After talking about a Tesla fighter for over a year, LeEco, the Chinese tech company formerly known as LeTV, has put money where its mouth is, revealing a sporty electric sedan concept at a big Beijing product reveal. We're not sure the new automotive player has Elon Musk quaking just yet, but the company seemingly has the money and will to disrupt the electric car industry, and it also has a working relationship with Aston Martin. Now it's officially added a pretty compelling concept car, the LeSEE.
The "Eco" in the company's name may seem like a nod to its dedication to more eco-friendly, all-electric transportation, but it's better thought of as short for "ecosystem," the big buzzword that is all over the company's materials and presentations. It revealed the LeSEE on a stage that also hosted LeEco's latest smartphone, TV and VR products, and LeEco's ultimate vision is for all four products - and probably plenty of others - to work together in an integrated, cloud-connected ecosystem, sharing hardware and software underpinnings. As it pertains to the car, it imagines passengers watching TV and consuming other services in a smart, fully connected autonomous car.
LeEco has been moving forward with its automotive efforts for 28 months and plans to develop its car entirely in-house. The primary focus of its Beijing presentation was technology and connected services, so it didn't get very far into the car's construction or specs.
LeEco did allude to some performance specs while keeping Tesla frozen square in its sights. A slide in its presentation showed the company's clear intentions of giving the car a higher top speed and longer range than the Model S. So far, the concept can reach 130 mph (209 km/h), which falls well short of the Model S' listed top speed range of 140 to 155 mph (225 to 241 km/h), depending on spec.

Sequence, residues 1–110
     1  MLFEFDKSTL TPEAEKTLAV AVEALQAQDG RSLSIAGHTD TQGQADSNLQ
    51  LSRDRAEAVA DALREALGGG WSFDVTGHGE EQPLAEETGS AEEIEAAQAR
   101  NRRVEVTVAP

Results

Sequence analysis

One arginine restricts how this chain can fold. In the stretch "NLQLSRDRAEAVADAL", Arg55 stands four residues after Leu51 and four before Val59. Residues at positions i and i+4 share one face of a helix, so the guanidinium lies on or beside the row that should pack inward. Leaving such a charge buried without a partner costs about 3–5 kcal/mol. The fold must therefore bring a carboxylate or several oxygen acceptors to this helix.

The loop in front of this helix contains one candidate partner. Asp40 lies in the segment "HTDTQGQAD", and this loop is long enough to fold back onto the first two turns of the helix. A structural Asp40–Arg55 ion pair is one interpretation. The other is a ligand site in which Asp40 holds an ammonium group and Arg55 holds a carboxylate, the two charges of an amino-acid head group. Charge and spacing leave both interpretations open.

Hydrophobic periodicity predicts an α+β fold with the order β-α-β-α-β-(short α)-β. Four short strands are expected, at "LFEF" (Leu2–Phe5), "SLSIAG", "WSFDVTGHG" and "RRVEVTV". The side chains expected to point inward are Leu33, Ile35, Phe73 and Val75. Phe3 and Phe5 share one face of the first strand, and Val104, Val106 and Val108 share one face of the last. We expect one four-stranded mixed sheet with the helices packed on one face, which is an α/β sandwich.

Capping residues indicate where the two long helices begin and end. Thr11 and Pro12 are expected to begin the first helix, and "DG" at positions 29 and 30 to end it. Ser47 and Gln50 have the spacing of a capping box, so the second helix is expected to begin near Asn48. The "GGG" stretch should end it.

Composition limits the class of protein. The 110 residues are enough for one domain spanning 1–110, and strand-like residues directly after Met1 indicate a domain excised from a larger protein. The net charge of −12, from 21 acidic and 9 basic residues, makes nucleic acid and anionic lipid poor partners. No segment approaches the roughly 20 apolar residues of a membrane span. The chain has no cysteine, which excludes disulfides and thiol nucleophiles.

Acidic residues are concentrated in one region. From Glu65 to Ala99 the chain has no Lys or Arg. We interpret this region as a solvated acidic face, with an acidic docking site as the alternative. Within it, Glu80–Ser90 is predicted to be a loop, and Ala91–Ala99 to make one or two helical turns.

While the LeSEE is just a concept car with some fantastical design elements, it does show promise in the styling department. It's not a Model S knockoff, as one might have expected from a new auto venture targeting Tesla so openly. The car's extra-long cabin and arched transparent roof give it a stretched but sporty profile. It's not as curvy as some of the early renderings suggested it would be, but it seems sporty enough from most angles to pull people into dealerships (or stores).
One angle from which the LeSEE is not particularly sporty - or interesting at all - is the front. Even if you like the happy wraparound headlamp band, there's not much of anything else going on, and it feels like an afterthought. That's not entirely a styling failure, as LeEco's ultimate goal is to put a digital display at the center of that face, offering system information and car-sharing status from the outside. It sounds kind of gimmicky and unnecessary in a world in which we can get that info from a smartphone, but as long as LeEco does something with that lackluster, blank face, we'll be happy.
Car/ride-sharing appears to be an important part of LeEco's grand auto plan, not so surprisingly as it owns a majority stake in ride-sharing company Yidao Yongche and has a goal of increasing service. When it was time to reveal the LeSEE on stage, CEO Jia Yueting used the voice recognition software on his LeEco smartphone to "order a ride," and Ding Lei, vice chairman and managing director of LeEco's automotive efforts, drove the car out on stage to "pick him up." Later on, Yueting used the smartphone to order the car to park itself.
LeEco may look to shake up the car pricing model, too. While it didn't estimate a price for the car, it repeatedly stressed a vision of shifting business away from hardware sales and toward the sales of services and memberships. According to Reuters, it believes that strategy could one day be extended to cars. Cars would be offered for free or at deep discounts, with all the money being tied into connected services.
The LeSEE's interior features a sleek, low-profile cockpit with the obligatory touchscreen controls. The steering wheel is retractable, folding up and sliding into the dashboard when the car is in autonomous mode. The layered look of the rear seats has its inspirational roots in topography. LeEco says that it plans to make each seating position a discrete zone where each passenger can enjoy his or her own personal entertainment. Toward that end, there is a digital display integrated into the back of each front headrest.
To help make its visions reality, LeEco plans to build an autonomous driving research center in Silicon Valley, in cooperation with its partner Faraday Future. It will reveal more details about that plan (and hopefully about the LeSEE itself) at the Beijing Auto Show on April 25.
In the meantime, you can take a closer look at the LeSEE in the photo gallery and let us know what you think – should Elon Musk be worried?
Source: LeEco (Facebook)
Want a cleaner, faster loading and ad free reading experience?
Try New Atlas Plus. Learn more